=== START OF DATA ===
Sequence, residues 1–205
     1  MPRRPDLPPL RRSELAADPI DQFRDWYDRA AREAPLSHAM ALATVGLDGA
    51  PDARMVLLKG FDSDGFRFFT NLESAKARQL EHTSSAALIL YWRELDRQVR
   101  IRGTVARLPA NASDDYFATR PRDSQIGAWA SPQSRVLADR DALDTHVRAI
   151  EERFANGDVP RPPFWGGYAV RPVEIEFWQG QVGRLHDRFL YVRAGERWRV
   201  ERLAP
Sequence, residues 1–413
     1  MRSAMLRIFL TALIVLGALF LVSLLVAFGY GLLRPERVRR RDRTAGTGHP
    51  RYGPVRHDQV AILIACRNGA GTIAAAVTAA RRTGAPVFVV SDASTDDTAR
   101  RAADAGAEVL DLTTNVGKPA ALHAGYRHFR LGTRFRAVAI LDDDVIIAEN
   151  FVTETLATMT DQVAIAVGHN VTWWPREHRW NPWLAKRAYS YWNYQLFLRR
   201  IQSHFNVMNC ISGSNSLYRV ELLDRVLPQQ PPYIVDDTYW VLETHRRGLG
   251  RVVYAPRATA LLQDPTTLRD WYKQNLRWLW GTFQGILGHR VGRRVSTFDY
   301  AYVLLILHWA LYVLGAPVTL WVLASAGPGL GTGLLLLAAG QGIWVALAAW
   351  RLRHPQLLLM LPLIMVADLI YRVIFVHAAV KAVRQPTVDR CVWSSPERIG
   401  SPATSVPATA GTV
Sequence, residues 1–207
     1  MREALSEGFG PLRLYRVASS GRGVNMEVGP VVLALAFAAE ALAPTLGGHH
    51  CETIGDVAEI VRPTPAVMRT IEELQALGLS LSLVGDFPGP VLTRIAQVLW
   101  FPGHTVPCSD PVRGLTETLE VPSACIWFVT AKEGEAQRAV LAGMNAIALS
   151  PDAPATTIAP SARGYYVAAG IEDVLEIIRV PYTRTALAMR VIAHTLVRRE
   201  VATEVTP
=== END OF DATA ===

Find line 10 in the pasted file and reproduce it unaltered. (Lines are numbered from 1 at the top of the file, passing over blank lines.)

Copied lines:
   101  RAADAGAEVL DLTTNVGKPA ALHAGYRHFR LGTRFRAVAI LDDDVIIAEN